The soft drink originally contained cocaine, which was legal through the early years of the Twentieth Century.   Coca-Cola reportedly made the decision to remove cocaine from its recipe in 1903. The drug was replaced with more sugar and caffeine.  Candler was undoubtedly persuaded to remove the drug by arguments regarding the negative social and physical effects it had. After 1903, the drink continued to use coca but began to remove the chemical compound that produces cocaine.  The extraction process was not finalized until 1929, so up until that point the drink contained trace amounts of the drug.

Joseph Biedenharn was the first person to bottle the beverage, in the back of his soda fountain in Mississippi.  In 1899, three Tennessee businessmen secured the bottling rights from Candler for one dollar. Candler did not believe that bottling the beverage would be successful.  The three businessmen were Benjamin Thomas, Joseph Whitehead, and John Lupton. They established the basis of what is now Coca-Cola’s global bottling network. The first city to obtain a bottling contract with the company was Chattanooga, Tennessee.  Canada, Cuba, and Panama became the first three countries outside of the United States of America to have bottling operations.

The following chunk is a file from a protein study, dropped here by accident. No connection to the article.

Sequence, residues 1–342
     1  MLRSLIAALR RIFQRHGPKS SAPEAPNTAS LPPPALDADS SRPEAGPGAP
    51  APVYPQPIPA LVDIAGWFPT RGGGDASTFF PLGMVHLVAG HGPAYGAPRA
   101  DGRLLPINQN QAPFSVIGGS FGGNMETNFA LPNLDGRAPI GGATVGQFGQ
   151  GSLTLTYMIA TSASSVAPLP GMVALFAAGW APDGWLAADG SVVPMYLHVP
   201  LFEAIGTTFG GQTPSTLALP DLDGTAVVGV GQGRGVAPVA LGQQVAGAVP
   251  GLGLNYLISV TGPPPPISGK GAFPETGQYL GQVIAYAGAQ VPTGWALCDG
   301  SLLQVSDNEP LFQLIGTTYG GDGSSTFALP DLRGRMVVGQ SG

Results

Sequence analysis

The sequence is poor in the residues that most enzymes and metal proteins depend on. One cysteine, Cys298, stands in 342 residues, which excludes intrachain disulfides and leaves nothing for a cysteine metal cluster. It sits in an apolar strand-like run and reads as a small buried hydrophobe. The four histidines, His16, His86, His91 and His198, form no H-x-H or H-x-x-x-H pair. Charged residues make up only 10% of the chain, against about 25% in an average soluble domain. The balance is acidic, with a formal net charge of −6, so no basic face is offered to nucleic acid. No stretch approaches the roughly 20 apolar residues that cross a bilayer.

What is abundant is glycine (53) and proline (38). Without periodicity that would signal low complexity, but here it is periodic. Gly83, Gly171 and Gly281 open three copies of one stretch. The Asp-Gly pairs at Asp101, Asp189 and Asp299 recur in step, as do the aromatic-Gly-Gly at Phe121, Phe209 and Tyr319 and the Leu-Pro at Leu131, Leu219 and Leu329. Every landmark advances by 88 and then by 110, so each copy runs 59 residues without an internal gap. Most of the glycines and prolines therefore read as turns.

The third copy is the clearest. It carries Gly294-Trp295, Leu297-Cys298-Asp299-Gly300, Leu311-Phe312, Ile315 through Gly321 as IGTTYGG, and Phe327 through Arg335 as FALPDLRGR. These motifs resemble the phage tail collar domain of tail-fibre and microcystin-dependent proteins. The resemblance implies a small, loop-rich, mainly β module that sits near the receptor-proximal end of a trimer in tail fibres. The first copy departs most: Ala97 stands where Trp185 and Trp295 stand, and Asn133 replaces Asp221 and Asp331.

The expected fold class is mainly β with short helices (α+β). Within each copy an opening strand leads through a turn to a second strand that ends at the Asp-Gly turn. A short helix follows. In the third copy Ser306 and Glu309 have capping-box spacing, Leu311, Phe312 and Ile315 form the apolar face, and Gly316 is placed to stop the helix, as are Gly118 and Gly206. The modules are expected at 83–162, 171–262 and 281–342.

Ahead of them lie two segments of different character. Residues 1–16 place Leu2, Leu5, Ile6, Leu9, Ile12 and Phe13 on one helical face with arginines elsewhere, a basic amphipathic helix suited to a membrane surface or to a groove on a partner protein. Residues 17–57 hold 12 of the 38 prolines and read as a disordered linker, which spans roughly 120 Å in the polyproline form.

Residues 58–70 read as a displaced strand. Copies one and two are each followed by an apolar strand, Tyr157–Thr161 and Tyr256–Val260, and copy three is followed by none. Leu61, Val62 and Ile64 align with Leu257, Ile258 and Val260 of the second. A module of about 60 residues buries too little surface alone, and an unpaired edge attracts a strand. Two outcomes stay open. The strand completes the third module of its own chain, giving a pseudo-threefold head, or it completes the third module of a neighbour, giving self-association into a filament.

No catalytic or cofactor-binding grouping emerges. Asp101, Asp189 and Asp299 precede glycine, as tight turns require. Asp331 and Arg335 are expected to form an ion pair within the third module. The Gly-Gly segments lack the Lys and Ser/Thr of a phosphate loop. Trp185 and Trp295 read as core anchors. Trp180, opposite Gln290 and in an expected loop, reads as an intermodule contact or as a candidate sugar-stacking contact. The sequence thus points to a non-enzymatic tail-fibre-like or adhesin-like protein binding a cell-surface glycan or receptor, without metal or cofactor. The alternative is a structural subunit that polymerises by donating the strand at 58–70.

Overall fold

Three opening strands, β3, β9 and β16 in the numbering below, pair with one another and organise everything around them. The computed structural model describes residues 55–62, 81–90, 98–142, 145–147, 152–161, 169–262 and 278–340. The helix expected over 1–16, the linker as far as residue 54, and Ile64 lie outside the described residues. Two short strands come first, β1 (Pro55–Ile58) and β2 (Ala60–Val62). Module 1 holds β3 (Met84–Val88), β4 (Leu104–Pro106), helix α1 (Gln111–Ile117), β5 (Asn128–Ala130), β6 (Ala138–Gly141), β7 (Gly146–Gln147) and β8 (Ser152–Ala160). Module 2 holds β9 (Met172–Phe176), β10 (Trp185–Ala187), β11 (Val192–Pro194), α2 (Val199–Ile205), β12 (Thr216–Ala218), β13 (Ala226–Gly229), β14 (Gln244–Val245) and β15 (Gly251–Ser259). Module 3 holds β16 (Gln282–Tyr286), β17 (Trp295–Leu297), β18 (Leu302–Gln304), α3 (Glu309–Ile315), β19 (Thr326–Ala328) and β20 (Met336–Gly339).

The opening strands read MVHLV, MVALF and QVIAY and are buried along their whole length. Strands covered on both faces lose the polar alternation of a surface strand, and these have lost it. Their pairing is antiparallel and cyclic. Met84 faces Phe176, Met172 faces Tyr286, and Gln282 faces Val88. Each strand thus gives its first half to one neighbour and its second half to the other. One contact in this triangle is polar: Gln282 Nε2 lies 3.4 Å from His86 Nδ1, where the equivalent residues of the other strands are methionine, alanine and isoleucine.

In 1915, the Trustees of the Coca-Cola Bottling Association decided to spend up to five-hundred dollars to develop a unique Coca-Cola bottle.  The company wanted a “bottle so distinct that you would recognize it by feel in the dark or lying broken on the ground.” The company needed such a distinctive bottle in order to separate itself from the many other companies that attempted to copy the look and taste of Coca-Cola.